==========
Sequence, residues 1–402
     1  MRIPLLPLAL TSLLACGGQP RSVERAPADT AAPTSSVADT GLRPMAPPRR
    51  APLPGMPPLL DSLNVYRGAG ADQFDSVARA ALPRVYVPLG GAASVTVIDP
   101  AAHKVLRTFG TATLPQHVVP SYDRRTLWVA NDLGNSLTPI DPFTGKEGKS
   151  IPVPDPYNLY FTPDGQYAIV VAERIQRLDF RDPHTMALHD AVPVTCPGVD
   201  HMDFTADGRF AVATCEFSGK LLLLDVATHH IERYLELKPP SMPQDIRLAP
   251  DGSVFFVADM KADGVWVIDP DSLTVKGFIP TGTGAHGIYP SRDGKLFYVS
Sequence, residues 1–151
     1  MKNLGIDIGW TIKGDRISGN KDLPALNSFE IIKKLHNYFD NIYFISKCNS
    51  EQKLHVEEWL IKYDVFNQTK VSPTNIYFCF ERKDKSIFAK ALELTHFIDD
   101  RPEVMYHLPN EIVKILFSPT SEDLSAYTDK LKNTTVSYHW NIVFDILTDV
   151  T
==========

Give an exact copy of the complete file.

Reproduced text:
Sequence, residues 1–402
     1  MRIPLLPLAL TSLLACGGQP RSVERAPADT AAPTSSVADT GLRPMAPPRR
    51  APLPGMPPLL DSLNVYRGAG ADQFDSVARA ALPRVYVPLG GAASVTVIDP
   101  AAHKVLRTFG TATLPQHVVP SYDRRTLWVA NDLGNSLTPI DPFTGKEGKS
   151  IPVPDPYNLY FTPDGQYAIV VAERIQRLDF RDPHTMALHD AVPVTCPGVD
   201  HMDFTADGRF AVATCEFSGK LLLLDVATHH IERYLELKPP SMPQDIRLAP
   251  DGSVFFVADM KADGVWVIDP DSLTVKGFIP TGTGAHGIYP SRDGKLFYVS
Sequence, residues 1–151
     1  MKNLGIDIGW TIKGDRISGN KDLPALNSFE IIKKLHNYFD NIYFISKCNS
    51  EQKLHVEEWL IKYDVFNQTK VSPTNIYFCF ERKDKSIFAK ALELTHFIDD
   101  RPEVMYHLPN EIVKILFSPT SEDLSAYTDK LKNTTVSYHW NIVFDILTDV
   151  T